Planning’s latest nadir as Olde Clocktower pub is demolished

‘Blatant vandalism’: Ye Olde Clocktower has been demolished

Croydon has lost another community pub in what the local beer campaign group has described as an act of “blatant vandalism” after Ye Olde Clocktower on the corner of the busy Whitehorse Road and Union Road was demolished without any valid or legal planning permission.

The pub’s business was already one of the victims of covid, the landlords having called last orders for a final time in October 2020 after a brief hurrah following the first lockdown. The pub has been closed ever since, with the building sold to a property developer in July this year.

Quick work: nothing remains of the old pub

The building’s then-owners did have a planning application approved by Croydon Council in 2019, but that called for the “retention and extension of the existing pub… on the ground floor”, while also extending the first floor and building two additional storeys to create five two-bed flats.

A formal request to vary the conditions of that planning permission was submitted to the council’s planning department in October this year, with further amendments made just a couple of days before Christmas, on December 22.

This latest submission to the council planners was made on behalf of the building’s current owner, Hussnan Nadir.

While the application had yet to receive any decision from the council, even these revised plans still included using the ground floor as a pub.

Busy boozer: Ye Olde Clocktower was popular with locals until it closed in October 2020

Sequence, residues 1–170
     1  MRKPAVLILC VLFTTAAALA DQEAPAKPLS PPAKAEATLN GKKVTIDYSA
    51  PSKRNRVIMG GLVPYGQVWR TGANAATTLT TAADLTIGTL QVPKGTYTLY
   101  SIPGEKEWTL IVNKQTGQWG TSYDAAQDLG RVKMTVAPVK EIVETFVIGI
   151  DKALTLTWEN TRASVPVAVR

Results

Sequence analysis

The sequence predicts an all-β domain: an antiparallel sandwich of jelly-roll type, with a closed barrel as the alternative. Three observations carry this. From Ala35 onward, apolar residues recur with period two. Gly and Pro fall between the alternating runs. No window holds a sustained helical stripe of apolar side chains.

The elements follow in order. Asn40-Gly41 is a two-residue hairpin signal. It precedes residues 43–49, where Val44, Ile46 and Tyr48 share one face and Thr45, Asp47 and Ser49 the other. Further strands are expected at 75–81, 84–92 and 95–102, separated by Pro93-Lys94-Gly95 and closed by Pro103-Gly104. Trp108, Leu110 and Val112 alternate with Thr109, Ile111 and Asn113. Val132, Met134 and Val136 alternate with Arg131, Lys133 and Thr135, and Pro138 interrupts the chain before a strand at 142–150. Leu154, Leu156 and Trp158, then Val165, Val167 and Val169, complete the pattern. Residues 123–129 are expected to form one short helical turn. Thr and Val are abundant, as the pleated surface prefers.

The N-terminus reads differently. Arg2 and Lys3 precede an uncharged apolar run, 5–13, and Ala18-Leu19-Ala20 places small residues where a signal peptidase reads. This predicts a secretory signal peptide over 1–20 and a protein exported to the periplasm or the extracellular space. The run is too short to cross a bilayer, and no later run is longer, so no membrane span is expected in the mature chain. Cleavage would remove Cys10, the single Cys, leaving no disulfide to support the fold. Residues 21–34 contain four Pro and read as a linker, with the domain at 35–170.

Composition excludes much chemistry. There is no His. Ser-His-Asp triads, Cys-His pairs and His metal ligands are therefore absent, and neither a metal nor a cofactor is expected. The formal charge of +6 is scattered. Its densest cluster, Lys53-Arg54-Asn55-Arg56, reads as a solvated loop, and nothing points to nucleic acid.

According to the building’s planning history, there had been an application from previous owners in 2013 to demolish the pub, but this had been rejected by the council, who even had their decision upheld by the government’s planning inspectorate.

Nadir’s company, XYMA 1 Ltd, had acquired the pub building in the summer. It seems a reasonable assumption that the purchase was not made to go into the pub, hospitality or restaurant business.

According to Companies House records, XYMA 1 Ltd is based in Greenwich and trades in the “development of building projects”.

As has come to be expected, the demolition of Ye Olde Clocktower occurred without any immediate action or response from Croydon Council’s developer-friendly planning enforcement team.

The destruction has attracted widespread criticism, with calls for the owners to be forced to re-build the pub, as happened with the Carlton Tavern in Maida Vale after a six-year campaign.

On the record: even plans submitted on Dec 22 this year included retaining the pub

Ye Olde Clocktower was neither a listed building nor in a conservation area, and had never been granted Asset of Community Value status.

Today, Dave Lands, the chair of the Croydon and Sutton branch of the Campaign for Real Ale – CAMRA – told Inside Croydon, “It is disappointing that the provisions of planning legislation and the Croydon Plan have been blatantly broken in this act of vandalism.

“The protection of our local pubs as community assets is vital. The council should seek restoration of the property following the example of Westminster Council in the similar case of the Carlton Tavern.”

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7 Responses to Planning’s latest nadir as Olde Clocktower pub is demolished